Now that you know how to find your brand mentions in the online sphere, we can discuss your next steps once you are turned on to a conversation about your brand, both good and bad.
Keep Calm and Communicate On
There is no guarantee now that you have found people having discussions about your brand that you will necessarily like what they have to say. Negative brand mentions are initially off putting, but they present the greatest opportunity to reclaim a dissatisfied customer than in most any other online scenario. We’ll discuss turning negatives into positives shortly.
In a perfect world, every brand mention you encounter would be a glowing validation of your company, its products, and the service you provide. Nurturing positive brand mentions can go a long way to personalizing your company to existing and potential customers, driving brand loyalty through the roof. Positive brand mentions can be favorited, liked, retweeted, shared, posted, etc. Taking just a little extra time to reach out to the individual who took time to mention your company reaffirms to the customer the value which you hold for them. It also provides you with a cost-free avenue to reap the opinions and feedback of your most loyal brand advocates.
Additionally, if a positive brand mention is made on a personal/professional blog or within a news story, you should feel absolutely comfortable with reaching out to the author, site, or publication and proposing link sharing with them. Link sharing between reputable sites builds the online authority of both entities.
Understandably, not every mention of your brand is going to be a glowing endorsement of your company. Remaining unaware of, or willfully ignorant to, negative brand mentions can be perilous, even for large, established brands. Not every negative brand mention is a crisis, however. Remember, the individual who is unhappy is (wait for it) a person. Engage in a personable and respectful dialogue with the individual and you may be surprised at how quickly you can turn that frown upside down. Our human nature drives us not only to want to be heard, but to be heard by the right people. A recovered customer, because of the import you give to their feelings, can often turn into one of your most vocal and supportive brand advocates.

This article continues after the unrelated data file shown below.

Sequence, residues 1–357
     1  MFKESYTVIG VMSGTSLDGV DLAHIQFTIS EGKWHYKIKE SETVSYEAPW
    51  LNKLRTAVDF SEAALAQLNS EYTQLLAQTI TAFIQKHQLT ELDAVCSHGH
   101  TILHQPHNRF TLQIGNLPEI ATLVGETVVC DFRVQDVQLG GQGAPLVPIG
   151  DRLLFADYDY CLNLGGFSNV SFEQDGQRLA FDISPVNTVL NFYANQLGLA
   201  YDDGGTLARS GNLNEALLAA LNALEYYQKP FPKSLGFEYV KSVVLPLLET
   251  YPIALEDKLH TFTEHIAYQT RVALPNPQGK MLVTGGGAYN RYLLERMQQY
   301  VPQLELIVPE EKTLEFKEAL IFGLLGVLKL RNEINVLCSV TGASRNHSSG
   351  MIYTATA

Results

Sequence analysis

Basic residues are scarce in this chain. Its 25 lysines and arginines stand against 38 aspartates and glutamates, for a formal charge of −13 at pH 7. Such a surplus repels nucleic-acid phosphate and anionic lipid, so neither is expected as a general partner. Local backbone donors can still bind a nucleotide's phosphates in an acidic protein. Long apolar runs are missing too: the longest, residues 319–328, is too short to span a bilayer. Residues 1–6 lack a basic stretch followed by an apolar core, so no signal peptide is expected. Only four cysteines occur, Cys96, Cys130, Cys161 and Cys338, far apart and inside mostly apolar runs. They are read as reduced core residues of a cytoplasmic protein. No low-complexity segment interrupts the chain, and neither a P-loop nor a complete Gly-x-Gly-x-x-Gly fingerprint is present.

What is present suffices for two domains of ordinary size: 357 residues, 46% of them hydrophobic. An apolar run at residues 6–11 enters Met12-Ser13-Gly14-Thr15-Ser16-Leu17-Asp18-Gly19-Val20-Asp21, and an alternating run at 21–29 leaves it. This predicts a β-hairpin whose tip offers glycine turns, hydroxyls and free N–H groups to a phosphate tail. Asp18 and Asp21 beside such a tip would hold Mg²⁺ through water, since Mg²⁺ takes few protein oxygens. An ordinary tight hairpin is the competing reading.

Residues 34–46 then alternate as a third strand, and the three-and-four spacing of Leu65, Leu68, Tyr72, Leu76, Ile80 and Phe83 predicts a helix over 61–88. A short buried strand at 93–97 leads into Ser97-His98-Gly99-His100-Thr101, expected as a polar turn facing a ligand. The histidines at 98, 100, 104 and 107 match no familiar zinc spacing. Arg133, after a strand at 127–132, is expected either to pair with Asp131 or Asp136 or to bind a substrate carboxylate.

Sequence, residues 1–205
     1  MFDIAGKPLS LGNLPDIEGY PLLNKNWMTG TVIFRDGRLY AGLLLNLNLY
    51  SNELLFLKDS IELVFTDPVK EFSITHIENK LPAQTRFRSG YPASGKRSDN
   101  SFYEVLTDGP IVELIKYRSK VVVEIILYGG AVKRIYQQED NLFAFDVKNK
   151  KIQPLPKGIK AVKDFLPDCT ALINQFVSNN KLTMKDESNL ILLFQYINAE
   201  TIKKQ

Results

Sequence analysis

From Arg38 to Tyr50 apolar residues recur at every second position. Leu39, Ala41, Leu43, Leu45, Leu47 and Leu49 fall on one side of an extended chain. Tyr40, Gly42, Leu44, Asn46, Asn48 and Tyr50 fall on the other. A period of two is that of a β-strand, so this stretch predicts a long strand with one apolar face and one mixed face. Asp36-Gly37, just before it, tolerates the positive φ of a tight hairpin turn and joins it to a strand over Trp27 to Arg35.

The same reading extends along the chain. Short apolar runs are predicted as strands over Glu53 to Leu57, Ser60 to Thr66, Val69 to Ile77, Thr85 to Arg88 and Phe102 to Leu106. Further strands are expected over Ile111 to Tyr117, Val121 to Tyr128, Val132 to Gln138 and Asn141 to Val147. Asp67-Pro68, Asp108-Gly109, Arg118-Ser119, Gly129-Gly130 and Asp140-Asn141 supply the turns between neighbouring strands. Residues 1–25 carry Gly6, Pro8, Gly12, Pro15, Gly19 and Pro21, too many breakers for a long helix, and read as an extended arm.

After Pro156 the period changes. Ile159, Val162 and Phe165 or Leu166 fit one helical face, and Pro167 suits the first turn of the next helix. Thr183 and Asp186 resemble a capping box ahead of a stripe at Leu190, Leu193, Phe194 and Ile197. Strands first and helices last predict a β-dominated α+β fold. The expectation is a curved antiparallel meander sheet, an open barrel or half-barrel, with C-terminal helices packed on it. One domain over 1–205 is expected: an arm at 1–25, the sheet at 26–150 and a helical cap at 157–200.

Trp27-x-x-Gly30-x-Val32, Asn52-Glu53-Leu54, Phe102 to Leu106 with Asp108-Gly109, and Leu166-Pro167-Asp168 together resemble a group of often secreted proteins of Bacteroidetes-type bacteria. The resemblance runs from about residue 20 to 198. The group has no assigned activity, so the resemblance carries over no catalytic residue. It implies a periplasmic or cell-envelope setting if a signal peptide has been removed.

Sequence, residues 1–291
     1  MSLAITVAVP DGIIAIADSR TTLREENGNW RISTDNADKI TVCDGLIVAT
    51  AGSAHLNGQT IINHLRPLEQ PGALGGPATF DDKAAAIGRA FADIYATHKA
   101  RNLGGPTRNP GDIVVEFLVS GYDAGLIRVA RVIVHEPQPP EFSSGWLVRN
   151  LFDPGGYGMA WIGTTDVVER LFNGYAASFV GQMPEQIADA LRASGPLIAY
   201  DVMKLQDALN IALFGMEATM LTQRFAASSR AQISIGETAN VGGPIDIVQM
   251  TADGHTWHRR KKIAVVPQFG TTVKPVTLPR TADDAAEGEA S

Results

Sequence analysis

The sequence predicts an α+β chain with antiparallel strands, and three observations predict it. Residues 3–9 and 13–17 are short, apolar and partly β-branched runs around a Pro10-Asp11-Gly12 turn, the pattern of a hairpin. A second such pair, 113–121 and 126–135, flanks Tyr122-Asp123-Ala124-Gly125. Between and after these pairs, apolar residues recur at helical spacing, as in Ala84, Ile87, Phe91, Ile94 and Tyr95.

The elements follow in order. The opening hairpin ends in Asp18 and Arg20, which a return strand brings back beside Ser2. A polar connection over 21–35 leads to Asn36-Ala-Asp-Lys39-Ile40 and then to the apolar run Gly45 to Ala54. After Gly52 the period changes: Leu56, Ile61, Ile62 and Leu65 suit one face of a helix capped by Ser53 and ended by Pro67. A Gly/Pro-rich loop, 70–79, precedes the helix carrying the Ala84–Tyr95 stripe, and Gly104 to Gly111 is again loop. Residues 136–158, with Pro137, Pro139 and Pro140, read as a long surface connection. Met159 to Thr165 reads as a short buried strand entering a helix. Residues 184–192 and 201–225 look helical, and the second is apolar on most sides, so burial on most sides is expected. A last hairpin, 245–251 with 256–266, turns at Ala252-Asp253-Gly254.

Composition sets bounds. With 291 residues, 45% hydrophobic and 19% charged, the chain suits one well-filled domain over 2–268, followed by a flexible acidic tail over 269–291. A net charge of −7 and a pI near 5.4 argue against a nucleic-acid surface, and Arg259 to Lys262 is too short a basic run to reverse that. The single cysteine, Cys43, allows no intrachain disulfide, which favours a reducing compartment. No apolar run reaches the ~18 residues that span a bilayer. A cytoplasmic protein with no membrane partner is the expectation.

The Theory of Reputation
Today’s “Always On” society has brand marketers working harder, longer, and faster than they did even 10 years ago. Platforms like Yelp!, Facebook, and Twitter, paired with blogs and online publications, have shown us just how fast a customer service fail or marketing misstep can snowball out of control. Providing yourself with the knowledge and tools to proactively protect your brand reputation just makes sense.
For an online marketing strategy to be effective, today’s business owner has to abandon the “set it and forget it” mentality that led many in the early days to pay $1000s to establish a web presence and then let it exist in a purely static state. Active engagement is required in order to build your brand with your customers.
If you have practiced other strategies geared toward reputation management, keep the conversation going and share your experience in the comments section below.
Intellibright was founded to provide their many partners, both mid-sized and large, a recognition of the value in promoting a strong online presence in driving traffic, leads and sales. Our founder, Ron R. Browning, came from top-tier financial services companies where he was singularly responsible for ad spend budgets in excess of $1M. Intellibright provides and maintains fully optimized web presences, based on strict data parameters derived from deep SEO/SEM research, targeted advertising, and regularly updated original content. If you have questions about how Intellibright might help your company with their online marketing needs, call or click today!